HR skills: being a role model

HR skills: being a role model

HR skills: being a role model

The difficulty with being a member of the organisational ‘police force’ (and as a member of HR, that’s how many colleagues view you, like it or not) is that you have to practice what you preach. Or more accurately, you have to practice – and demonstrate – what the HR and other organisational policies preach. It’s hard to be perfect, no?

Still, although ‘perfection’ might be an exaggeration, anybody in a HR role does work under an expectation that they lead by example. In other words, like it or not, you’re a role model.

The HR Perspective

According to the CIPD’s professional standards, the core requirement of your role modelling responsibility is, ‘…Consistently leads by example. Acts with integrity, impartiality and independence, balancing personal, organisation and legal parameters.’

Well, fair enough. We’d like to think that everybody in any organisation would do likewise – keep the personal stuff out of it and just do what’s right. Seems reasonable. However, what does that mean in practice, exactly?

The essential role modelling skills

Again, drawing on the CIPD competence framework, the ‘art of role modelling’ crops up in a number of key statements from the fairly undemanding:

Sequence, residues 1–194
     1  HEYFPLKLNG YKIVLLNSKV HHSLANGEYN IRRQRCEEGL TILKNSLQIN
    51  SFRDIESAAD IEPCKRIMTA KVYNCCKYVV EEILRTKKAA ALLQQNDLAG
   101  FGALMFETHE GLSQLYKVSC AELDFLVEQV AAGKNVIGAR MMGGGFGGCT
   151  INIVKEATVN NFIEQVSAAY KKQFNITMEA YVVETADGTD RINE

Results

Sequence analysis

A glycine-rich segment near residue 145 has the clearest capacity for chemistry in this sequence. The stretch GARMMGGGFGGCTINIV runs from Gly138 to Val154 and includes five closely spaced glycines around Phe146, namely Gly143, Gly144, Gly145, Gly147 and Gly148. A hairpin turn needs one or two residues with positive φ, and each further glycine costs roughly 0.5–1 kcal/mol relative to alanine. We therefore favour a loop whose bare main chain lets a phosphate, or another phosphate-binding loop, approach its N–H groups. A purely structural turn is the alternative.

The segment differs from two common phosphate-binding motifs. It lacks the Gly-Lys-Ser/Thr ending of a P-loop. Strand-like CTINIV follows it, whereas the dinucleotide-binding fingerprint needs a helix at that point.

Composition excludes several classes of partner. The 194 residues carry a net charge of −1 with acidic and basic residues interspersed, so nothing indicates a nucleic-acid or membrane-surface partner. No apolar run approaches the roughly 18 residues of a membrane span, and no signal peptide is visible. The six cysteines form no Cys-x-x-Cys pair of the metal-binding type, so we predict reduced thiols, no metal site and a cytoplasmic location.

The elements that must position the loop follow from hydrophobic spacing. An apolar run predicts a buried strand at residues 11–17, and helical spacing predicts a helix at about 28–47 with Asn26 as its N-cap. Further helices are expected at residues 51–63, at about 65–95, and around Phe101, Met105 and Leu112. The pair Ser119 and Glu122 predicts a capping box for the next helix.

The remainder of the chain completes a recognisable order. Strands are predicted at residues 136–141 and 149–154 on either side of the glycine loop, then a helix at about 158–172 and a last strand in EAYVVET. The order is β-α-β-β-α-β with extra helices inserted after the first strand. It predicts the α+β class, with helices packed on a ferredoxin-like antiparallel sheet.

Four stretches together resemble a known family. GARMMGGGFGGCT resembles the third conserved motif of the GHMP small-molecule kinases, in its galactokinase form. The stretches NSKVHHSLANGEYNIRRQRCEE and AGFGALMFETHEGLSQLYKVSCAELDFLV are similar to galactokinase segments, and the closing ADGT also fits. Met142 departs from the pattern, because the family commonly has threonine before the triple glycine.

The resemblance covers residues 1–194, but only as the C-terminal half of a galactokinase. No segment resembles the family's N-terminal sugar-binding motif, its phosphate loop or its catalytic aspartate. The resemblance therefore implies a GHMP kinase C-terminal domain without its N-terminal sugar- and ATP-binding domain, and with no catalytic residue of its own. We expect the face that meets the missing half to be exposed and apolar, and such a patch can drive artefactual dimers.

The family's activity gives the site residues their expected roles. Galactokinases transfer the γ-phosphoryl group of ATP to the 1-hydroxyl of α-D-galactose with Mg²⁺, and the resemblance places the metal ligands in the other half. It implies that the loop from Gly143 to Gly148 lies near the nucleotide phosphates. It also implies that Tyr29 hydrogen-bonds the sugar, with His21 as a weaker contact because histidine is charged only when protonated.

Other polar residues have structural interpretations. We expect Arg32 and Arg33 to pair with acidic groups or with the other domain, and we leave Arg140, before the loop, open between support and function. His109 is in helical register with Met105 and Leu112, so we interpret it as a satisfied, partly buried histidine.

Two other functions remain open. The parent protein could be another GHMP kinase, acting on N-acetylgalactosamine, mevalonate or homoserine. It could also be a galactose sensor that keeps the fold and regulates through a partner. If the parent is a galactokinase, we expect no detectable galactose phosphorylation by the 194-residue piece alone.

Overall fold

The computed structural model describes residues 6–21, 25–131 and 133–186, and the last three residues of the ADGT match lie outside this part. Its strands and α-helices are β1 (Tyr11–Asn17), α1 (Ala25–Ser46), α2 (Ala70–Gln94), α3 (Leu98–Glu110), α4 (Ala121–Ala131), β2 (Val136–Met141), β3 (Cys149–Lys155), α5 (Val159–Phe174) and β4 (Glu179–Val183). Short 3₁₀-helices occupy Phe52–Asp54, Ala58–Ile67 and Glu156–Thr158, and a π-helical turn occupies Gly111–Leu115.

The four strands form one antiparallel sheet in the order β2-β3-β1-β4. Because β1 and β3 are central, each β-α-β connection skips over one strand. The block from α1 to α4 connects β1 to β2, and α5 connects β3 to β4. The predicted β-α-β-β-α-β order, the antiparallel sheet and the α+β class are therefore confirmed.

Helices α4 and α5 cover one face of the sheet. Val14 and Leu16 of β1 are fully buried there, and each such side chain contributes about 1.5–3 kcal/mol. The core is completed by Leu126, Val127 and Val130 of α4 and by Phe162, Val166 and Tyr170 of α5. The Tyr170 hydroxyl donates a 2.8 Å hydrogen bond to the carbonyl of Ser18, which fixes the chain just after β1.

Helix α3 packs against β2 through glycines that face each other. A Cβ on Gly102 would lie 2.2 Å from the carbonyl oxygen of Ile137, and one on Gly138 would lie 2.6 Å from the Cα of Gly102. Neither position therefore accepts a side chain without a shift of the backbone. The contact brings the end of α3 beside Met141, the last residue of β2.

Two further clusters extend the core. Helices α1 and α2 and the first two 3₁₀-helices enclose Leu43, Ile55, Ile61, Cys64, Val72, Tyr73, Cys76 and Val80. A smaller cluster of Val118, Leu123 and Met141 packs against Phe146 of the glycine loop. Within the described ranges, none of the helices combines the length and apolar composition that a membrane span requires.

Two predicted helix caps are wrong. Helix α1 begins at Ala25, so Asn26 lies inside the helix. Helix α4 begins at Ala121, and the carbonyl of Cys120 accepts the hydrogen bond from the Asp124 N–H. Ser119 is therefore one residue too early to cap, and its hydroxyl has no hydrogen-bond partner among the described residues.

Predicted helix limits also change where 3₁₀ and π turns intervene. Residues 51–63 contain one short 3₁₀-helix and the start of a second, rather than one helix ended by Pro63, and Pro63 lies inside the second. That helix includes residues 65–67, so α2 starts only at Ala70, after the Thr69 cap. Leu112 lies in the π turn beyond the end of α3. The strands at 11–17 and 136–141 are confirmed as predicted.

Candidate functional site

‘Role model the change-ready employee by remaining flexible, positive and open to change.’

…to the more high-powered and aspirational:

‘Foster a culture of service excellence – role- model this as a customer champion and coach teams to deliver customer care.’

Put simply, in every area of organisational function and management, people will (and do) expect HR to show good practice. And this expectation is – on one level – perfectly reasonable. After all, HR is the custodian of the people policies (including the competence framework and performance management system, or equivalent) and it’s natural that the ‘custodian’ lead the way… e.g.

‘Role-model effective performance management and the creation of a performance culture within the HR team by investing time in setting context, establishing a clear strategy and …providing regular, timely feedback and by rewarding performance according to delivery.’


‘Acts as a role model for continuous learning, focusing own and others’ efforts on building professional and organisational knowledge.’

Of course, this may not always feel fair, especially if we are held to account for a lapse, but like it or not, other people’s expectations are part and parcel of working in an organisational support service. Colleagues in Finance are expected to be good with money, IT staff should all be technology fiends, and HR people should all demonstrate impeccable workplace behaviour.

Harsh but fair. What do you think?

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Categories: Development, HR

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